Cardiac Biomarkers Concentrations on Dogs with Chronic Monocytic Ehrlichiosis
M. Gianfrancesco Filippi1; A. Alfonso1; A.C. Paes2; M. Gomes de Soutello Charlier3; E. Oba3; F Ferreira de Souza3; R. Kiomi Takahira1; S. Biagio Chiacchio1; M.L. Gomes Lourenço1
Canine monocytic ehrlichiosis (CME) is a prevalent systemic disease worldwide that causes lesions due to direct agent injury and secondary autoimmune lesions in the dog. It is known the occurrence of myocarditis in this cases.
The present study analyzed the clinical, haematological, biochemistry and analysis of cardiac biomarkes data, creatinokinase-MB (CKMB), cardiac troponina I (cTNI) and N-terminal pro B-type natriuretic peptide (NT proBNP) in infected dogs on the chronic phase of CME.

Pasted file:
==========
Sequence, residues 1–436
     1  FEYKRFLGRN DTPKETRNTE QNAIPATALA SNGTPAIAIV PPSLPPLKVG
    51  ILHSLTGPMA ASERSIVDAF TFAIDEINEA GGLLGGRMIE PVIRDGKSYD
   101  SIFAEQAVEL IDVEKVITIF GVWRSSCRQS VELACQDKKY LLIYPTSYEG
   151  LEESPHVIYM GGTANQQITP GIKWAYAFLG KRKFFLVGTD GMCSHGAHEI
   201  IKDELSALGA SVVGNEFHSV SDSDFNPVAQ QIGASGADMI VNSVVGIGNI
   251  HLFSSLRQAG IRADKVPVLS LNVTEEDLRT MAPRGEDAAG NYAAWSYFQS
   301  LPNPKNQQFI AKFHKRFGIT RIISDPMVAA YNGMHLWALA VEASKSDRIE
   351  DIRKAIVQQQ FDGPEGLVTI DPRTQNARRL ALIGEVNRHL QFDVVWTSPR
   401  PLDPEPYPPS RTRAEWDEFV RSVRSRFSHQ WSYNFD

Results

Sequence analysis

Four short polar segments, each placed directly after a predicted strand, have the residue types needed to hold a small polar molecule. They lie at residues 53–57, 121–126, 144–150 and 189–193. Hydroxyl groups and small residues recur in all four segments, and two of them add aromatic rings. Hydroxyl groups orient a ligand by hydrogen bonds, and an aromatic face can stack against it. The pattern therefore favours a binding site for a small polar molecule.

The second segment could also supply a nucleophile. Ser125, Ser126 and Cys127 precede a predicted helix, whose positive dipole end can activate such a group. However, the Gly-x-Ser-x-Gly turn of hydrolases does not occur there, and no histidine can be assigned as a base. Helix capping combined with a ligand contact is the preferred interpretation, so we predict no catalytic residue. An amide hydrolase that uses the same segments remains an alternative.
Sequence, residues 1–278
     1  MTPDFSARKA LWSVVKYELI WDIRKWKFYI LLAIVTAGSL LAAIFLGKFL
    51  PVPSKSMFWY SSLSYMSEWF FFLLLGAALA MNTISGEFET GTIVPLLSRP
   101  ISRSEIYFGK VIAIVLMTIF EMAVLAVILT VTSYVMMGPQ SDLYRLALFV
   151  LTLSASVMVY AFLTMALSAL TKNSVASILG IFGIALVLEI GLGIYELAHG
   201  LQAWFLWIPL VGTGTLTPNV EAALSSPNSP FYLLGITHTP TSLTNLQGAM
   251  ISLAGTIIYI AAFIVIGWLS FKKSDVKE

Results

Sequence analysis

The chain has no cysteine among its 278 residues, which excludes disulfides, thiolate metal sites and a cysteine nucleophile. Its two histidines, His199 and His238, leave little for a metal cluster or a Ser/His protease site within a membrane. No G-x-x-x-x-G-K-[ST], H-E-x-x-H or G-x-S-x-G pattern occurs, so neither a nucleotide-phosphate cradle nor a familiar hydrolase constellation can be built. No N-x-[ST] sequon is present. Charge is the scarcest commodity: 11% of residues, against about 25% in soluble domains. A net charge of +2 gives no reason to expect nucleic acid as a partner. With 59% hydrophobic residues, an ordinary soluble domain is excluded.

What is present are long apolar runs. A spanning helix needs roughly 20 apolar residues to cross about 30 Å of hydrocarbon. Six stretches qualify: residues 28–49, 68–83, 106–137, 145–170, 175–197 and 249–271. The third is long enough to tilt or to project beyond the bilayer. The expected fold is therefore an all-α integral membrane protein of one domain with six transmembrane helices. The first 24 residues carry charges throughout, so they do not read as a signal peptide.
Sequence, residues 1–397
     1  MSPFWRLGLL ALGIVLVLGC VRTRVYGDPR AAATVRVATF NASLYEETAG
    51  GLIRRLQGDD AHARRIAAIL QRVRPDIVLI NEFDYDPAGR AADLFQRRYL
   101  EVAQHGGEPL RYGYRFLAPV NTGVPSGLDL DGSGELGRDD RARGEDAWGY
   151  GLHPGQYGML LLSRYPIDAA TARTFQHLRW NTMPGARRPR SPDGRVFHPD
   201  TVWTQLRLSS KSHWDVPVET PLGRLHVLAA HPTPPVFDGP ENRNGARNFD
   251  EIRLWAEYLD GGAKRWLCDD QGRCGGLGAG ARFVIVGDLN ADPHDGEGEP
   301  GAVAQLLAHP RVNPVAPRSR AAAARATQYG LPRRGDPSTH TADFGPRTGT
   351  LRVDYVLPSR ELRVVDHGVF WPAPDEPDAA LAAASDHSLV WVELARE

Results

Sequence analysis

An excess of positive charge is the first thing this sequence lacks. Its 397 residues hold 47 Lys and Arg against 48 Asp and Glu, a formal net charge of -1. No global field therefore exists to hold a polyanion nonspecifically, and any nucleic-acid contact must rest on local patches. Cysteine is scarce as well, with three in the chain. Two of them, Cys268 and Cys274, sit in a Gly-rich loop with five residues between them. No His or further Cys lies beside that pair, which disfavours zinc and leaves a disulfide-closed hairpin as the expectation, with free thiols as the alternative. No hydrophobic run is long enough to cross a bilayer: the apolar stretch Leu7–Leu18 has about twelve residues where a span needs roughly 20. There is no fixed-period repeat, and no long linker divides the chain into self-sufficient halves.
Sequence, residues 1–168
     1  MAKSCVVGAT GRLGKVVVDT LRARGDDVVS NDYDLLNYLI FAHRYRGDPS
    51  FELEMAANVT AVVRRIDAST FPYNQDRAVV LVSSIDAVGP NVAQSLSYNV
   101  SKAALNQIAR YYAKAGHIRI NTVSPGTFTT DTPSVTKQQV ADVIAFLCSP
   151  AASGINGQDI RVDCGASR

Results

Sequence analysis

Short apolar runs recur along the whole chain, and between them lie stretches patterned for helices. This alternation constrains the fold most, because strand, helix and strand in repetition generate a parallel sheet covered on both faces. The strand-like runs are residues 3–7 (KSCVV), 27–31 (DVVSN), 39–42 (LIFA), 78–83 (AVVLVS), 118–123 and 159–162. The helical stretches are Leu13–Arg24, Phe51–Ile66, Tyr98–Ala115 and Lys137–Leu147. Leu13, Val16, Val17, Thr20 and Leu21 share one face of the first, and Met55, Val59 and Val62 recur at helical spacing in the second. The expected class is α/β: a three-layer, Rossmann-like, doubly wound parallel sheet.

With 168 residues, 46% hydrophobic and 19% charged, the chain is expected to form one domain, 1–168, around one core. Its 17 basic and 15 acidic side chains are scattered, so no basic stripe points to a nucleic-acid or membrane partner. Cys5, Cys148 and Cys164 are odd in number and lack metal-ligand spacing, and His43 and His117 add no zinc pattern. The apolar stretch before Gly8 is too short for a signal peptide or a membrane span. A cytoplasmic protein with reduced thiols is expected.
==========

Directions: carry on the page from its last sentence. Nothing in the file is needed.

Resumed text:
It was used 20 naturally infected dogs on the chronic phase of CME at the initial attendance (G1) and a followup of 28 days (G2) was made. This data was compared with a control group of ten healthy animals.
Eight of the 20 dogs (40%) died after 28 day monitoring. Anorexia, emesis, fatigue, heart murmur, hypoalbuminemia, heart murmurs and raise of alanine aminotransferase (ALT) and alkaline phosphatase (AP) were common signs encountered. Fatigue was statistic predictor of mortality. The mean concentration of cTNI and CKMB was significant (0.24 ng/ml±0.5; 229±205 IU/ml) compared to the control group (0.042±0.07 ng/ml;126±46.12 IU/ml ). No differences were found between the concentration of NT-proBNP on G1 (135.46±29.7) and G2 (138.28±19.77).
This data suggest that chronic EMC causes persistent myocardial injury, with no signs of pressure/volume overload. Fatigue demonstrated a possible risk factor for survival.